‘Free Fire’ Is a Love Letter to Guns and Criminal Stupidity

A 90-minute firefight with hilarious banter, the IRA and Sharlto Copley

‘Free Fire’ Is a Love Letter to Guns and Criminal Stupidity ‘Free Fire’ Is a Love Letter to Guns and Criminal Stupidity
Gunfights in real life never happen the way we see in film. People miss more than they hit, some of the wounds are superficial,... ‘Free Fire’ Is a Love Letter to Guns and Criminal Stupidity

Gunfights in real life never happen the way we see in film. People miss more than they hit, some of the wounds are superficial, guns jam and nothing goes as planned … if there was even a plan to begin with. There’s a lot of cowering in cover, taking potshots and throwing rocks when you run out of ammo. Also, lots of crawling. So much crawling.

Free Fire is a movie about the kind of shootout you read about in police reports and after action reports. It’s funny, fast, weird and stupid, but all that makes it great. Writer and director Ben Wheatley knows how to make a movie and knows how to write compelling criminals. His films are like Tarantino movies without the pop culture riffs and morally ambiguous heroes. In Wheatley’s world, there are no heroes. Not ever.

So we have Free Fire—a 90-minute love letter to shooting people. The first 20 minutes are set-up and then it quickly devolves into a firefight that lasts more than hour. It’s often stupid and silly, but it’s never boring.

Free Fire doesn’t require a lot of prelyde and to tell you too much about its meager plot would spoil its surprises. Brie Larson is Justine—a person putting some Irish Republican Army types in touch with some international weapons merchants. Cillian Murphy is Chris, the point man for the IRA and the delightfully repugnant Sharlto Copley is Vernon the weapons merchant.

“He was misdiagnosed as a child genius and he never got over,” Justine tells Chris when Vernon first shows up to the meet.

“What is he now?” Chris says.

“An international asshole,” Justine replies.

Wheatley’s script maintains that level of witty banter throughout the ensuing gun battle. Chris and crew want to buy M-16s and Vernon and his team show up with crates of AR-70s. After some initial tension, the two teams decide to do the damn deal but the whole thing explodes into violence before either side can walk away with the guns or the cash.

Minutes after the opening credits roll, everyone is in the dirt of an abandoned warehouse yelling at each other and shooting blindly around corners desperately trying to survive the dumbest shootout you’ve ever seen.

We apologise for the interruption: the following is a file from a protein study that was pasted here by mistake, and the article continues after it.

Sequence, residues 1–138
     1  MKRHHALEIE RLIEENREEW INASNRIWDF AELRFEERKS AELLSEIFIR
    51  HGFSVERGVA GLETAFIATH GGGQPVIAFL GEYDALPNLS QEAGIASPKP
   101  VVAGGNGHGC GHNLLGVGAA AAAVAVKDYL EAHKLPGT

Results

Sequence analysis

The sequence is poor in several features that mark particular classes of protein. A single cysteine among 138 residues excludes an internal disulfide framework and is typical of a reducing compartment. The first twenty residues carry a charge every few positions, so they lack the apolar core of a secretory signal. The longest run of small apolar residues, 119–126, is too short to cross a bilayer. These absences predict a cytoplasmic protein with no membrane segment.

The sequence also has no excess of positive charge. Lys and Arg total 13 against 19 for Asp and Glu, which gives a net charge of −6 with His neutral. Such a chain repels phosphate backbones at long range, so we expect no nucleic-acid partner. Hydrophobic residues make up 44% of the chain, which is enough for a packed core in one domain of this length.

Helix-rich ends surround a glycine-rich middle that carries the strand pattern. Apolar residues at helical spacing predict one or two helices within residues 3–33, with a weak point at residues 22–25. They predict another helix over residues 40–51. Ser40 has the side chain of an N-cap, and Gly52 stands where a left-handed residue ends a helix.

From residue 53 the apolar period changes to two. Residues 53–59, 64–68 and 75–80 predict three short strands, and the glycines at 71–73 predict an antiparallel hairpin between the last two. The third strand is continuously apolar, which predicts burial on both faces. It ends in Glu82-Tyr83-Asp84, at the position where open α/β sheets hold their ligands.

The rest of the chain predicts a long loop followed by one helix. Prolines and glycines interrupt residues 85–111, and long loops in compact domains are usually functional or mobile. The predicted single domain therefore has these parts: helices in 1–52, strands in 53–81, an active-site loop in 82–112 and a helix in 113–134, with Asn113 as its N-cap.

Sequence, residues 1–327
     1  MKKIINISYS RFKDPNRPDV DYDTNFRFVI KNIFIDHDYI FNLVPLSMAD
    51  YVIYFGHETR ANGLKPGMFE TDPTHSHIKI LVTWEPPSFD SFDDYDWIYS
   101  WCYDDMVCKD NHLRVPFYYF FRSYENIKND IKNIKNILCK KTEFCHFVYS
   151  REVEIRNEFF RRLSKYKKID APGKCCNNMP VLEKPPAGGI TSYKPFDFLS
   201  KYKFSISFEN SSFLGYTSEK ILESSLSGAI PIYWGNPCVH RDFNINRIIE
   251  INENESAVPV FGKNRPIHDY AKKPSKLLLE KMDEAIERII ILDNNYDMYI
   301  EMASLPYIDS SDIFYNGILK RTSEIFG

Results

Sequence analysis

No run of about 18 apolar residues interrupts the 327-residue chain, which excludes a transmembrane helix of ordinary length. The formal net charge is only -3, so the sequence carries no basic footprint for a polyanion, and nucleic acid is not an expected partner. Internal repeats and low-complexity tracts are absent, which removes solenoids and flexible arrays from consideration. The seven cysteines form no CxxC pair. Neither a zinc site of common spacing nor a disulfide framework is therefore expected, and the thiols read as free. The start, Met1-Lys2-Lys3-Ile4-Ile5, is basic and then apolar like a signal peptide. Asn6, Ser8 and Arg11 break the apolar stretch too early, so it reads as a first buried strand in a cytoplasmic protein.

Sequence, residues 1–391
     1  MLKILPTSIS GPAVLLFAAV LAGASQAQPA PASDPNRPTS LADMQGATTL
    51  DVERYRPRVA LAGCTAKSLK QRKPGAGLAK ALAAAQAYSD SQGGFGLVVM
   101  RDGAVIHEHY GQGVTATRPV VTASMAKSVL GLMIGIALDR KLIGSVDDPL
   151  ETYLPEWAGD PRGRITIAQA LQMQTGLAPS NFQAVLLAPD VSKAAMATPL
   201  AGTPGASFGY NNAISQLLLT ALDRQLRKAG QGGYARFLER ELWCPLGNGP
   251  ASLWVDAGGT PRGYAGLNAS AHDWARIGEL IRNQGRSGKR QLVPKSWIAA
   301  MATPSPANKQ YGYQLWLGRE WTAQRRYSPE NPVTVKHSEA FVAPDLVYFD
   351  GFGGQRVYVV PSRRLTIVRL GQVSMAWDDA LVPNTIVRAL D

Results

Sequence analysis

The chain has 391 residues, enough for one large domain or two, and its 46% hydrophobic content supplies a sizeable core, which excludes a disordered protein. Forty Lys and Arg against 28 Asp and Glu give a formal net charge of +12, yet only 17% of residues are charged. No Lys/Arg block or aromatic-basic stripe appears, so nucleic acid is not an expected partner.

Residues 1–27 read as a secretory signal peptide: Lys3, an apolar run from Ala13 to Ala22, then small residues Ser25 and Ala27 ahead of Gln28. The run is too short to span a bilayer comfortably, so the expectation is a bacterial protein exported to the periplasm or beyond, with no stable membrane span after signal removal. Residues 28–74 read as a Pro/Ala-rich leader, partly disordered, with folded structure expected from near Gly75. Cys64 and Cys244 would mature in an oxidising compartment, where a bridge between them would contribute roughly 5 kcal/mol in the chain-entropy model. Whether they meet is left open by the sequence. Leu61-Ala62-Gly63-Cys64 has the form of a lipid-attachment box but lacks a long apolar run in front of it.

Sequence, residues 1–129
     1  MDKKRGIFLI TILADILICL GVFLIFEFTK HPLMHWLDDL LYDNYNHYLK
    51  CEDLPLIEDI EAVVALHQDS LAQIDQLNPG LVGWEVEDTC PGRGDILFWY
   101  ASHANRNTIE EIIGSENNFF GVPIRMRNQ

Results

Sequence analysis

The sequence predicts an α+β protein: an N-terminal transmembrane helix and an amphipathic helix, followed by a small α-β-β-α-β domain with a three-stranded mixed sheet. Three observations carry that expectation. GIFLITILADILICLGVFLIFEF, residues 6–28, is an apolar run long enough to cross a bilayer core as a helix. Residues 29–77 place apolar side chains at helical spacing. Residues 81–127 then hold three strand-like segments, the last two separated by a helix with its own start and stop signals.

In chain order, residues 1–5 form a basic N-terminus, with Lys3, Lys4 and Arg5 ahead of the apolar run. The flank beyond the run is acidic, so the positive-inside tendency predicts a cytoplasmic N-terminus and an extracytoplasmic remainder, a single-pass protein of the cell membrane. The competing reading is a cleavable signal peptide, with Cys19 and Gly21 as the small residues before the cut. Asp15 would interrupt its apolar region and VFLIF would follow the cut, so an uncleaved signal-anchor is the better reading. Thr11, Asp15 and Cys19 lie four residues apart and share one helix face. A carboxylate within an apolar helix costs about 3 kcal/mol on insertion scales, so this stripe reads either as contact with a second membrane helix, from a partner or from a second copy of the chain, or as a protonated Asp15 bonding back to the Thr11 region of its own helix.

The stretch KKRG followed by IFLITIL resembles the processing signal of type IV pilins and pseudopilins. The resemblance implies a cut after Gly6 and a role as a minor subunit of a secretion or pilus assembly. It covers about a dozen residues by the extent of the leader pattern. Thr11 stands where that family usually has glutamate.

I’ve called the movie dumb a few times now and I want to stress that this is a great film. The dialogue is sharp, the acting wonderful and the directing spot on. The sound design is perfect too—this is a film you really want to see in the theater or with a decent 5.1 setup at home.

Bullets crack and whiz around your head. A rifle sounds very different from a pistol which sounds way different than a revolver. The sound effects person on Free Fire cared about creating a distinction between the different firearms and then used the space in the theater to create a sense of threat as the actors huddle behind concrete slabs and wince away from debris. It’s awesome.

But it’s still all so stupid and undignified. In most action movies, the heroes conduct themselves with a grace and dignity. I’m so used to the grand Hong Kong Blood Opera tradition where gun battles are an elegant ballet that watching characters cower in dirt, scream, whine and cry for an hour is unsettling and funny. This ain’t John Wick.

That was the point.

Wheatley got the idea for Free Fire while reading the FBI’s report on a shootout it had in Miami in 1986. The report was forensic and gave a lengthy blow-by-blow of the action. Technically, the battle happened in an unincorporated chunk of Miami-Dade County. Ah, Florida.

FBI agents planned to take down a pair of serial bank robbers. It didn’t go well. The feds outnumbered the robbers four to one, but the criminals managed to kill two and wound several others. Both sides took wounds and kept firing over a prolonged gun battle. The incident involved 10 people, five minutes and 145 bullets.

Wheatley drags his film out more than that—it’s a movie after all—but he keeps the tension cranked to 11 the whole way through. Every scene is absolutely necessary, there’s no fat on this film. It’s fantastic.

To keep everything straight, Wheatley drew up 1,700 storyboards and rendered a 3D model of the set in the popular video game Minecraft. “We could share that amongst all the people who working on it, and all walk around inside it together. That was really useful,” Wheatley told Wired.

Wheatley’s made an incredible film, made more incredible when you realize it doesn’t have a protagonist … and he gets away with it. As a long time fan of Wheatley’s work, I suspect he doesn’t like people or hope.

He’s prone to stories about drug dealers, decadent high rises, occult murders and English soldiers tripping balls on magic mushrooms. Every film has characters, but most of them are foolish and the protagonist is usually the biggest fool of all.

Free Fire is different only in that it distributes the pain evenly and plays all its characters for fool. There are no winners or losers in Wheatley’s worlds, just idiots hurting themselves. And strangely, Free Fire has no traditional protagonist. Hell, most of the characters aren’t even sympathetic.

And yet, the film is incredible. Go see it.

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